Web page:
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Archive for November, 2010

Concentrating Solar Power Plants are the big power plants that use mirrors to reflect sunlight on a fluid that creates steam to drive a turbine.  They have a major drawback that keeps them in the same realm with coal and nuclear plants.  They use water to cool and condense the steam.  And they use lots of it.  In fact, CSP plants require more water for cooling than nuke plants.  So, despite the benefits of no fuel costs and no dangerous waste or emissions, these plants are not yet perfect.  The problem is especially relevant because the ideal location for CSP plants is in the desert where there is plenty of sun.  No water in the desert!  The availability of fresh water is becoming a restricting issue in the permitting of new power plants everywhere.

Now enters Next era Energy, parent company of Florida’s big utility we all recognize as FPL.  NEE is building hegemony on megawatt-size wind farms and their PV farm in Florida is still the largest in the country.  Now the company has introduced a water saving technology at their new 250 megawatt CSP plant in California.  They’re calling it “dry cooling.”

Genesis Solar LLC, the subsidiary of NEE building the plant, says the introduction of the dry cooling technology helped them pass the California Energy Commission’s environmental scrutiny.  They say using fans to blow air over the closed radiator system will condense the steam inside the radiator and reduce the amount of water normally required by CSP plants from 1400 acre-feet per year to just 200 acre-feet.  The “Genesis” plant will be located on 1950 acres of public land with a thirty year lease.  The company will mitigate impacts to desert tortoise and Mojave fringe-toed lizard habitat by funding 2000 acres of similar habitat nearby.  The new dry cooling technology will open the door for more CSP plants and help California meet the new 33% renewable standard by 2020.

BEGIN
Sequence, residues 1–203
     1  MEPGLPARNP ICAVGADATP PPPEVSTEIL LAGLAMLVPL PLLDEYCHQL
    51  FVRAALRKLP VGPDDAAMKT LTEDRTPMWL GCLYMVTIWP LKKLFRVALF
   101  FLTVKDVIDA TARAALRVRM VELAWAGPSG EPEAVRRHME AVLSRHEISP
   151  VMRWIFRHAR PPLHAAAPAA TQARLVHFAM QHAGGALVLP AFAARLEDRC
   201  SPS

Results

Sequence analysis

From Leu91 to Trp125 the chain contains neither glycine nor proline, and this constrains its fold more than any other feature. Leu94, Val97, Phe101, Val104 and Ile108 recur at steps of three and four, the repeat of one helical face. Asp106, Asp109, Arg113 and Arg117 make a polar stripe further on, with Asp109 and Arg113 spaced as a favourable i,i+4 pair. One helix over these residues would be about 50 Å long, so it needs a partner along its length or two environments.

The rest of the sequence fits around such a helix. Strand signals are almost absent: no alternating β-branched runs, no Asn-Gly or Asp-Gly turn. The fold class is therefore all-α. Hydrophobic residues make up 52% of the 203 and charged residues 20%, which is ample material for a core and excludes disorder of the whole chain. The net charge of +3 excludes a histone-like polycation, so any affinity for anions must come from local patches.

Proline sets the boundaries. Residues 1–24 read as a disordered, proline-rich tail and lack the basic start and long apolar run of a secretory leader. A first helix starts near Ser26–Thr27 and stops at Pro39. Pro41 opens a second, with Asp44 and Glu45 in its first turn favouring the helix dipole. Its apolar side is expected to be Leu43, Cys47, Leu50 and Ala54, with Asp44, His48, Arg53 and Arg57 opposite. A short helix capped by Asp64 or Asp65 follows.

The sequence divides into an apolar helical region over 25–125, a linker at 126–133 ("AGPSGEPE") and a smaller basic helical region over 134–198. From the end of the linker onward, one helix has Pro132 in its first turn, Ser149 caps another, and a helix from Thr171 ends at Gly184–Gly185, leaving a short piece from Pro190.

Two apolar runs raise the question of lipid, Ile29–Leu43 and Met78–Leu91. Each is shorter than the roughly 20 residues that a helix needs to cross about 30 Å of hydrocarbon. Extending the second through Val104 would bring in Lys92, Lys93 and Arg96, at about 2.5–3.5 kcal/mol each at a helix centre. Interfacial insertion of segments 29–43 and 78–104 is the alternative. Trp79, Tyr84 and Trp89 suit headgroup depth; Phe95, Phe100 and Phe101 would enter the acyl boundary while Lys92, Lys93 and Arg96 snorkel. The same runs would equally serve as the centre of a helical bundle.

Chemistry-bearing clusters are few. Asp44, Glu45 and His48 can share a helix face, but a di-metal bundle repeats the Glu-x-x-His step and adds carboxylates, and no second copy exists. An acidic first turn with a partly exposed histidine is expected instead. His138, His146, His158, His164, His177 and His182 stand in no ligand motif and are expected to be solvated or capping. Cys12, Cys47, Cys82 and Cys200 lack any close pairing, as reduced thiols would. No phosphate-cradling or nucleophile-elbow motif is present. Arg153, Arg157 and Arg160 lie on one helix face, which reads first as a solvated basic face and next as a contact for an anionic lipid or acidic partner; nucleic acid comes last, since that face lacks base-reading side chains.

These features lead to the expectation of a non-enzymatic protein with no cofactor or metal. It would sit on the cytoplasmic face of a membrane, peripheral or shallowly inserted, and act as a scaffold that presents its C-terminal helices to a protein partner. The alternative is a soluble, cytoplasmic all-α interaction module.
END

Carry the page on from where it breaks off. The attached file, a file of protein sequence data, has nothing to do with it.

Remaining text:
Sam Kendall

Genesis Project Clears Federal Regulators LA TIMES

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Since 2006, when Assembly Bill 32 was signed into law, Californians have been planning their strategy to rein greenhouse gases back to 1990 levels by 2020.  The range of actions being developed will affect broad segments of their economy.  The Renewable Energy Standard has been boosted to 33% and a cap and trade plan will be announced in January, 2011.  The goal for single family solar hot water installations is set for 30,000 by 2018.  Other actions include direct regulations, monetary and non-monetary incentives and yes, even voluntary actions.  A massive shift is underway regarding how energy is viewed, regulated, produced and consumed in California.

Last Tuesday, sixty-one percent of California voters stood by these clean energy measures and rejected a proposal to put them on hold.  Proposition 23 would have suspended AB 32 until unemployment dropped down to 5.5% for four quarters.  Even with unemployment above 12% in the state, voters were not afraid.  Their courageous support for clean energy by rejecting Prop 23 is a win not just in their state, but for the nation as a whole.  Reducing environmental degradation and human sicknesses will have the double benefit of creating new green businesses and better job opportunities in the long run.

How fast these job opportunities materialize in other states is largely dependent on whether public officials are willing to let go of the dirty fuels and work on the hard issues of the clean energy transformation.  Results from a recent Kelton Research survey of solar / climate issues show that 70% of Americans want the government to tackle climate change, 80% want federal subsidies shifted from fossil fuels to solar and 94% believe it’s important to develop and use solar power.  The defeat of Prop 23 means Californians take atmospheric overheating and energy independence at least as seriously as slow job growth.  Their optimism provides promise for renewable energy initiatives across the country.

Sam Kendall

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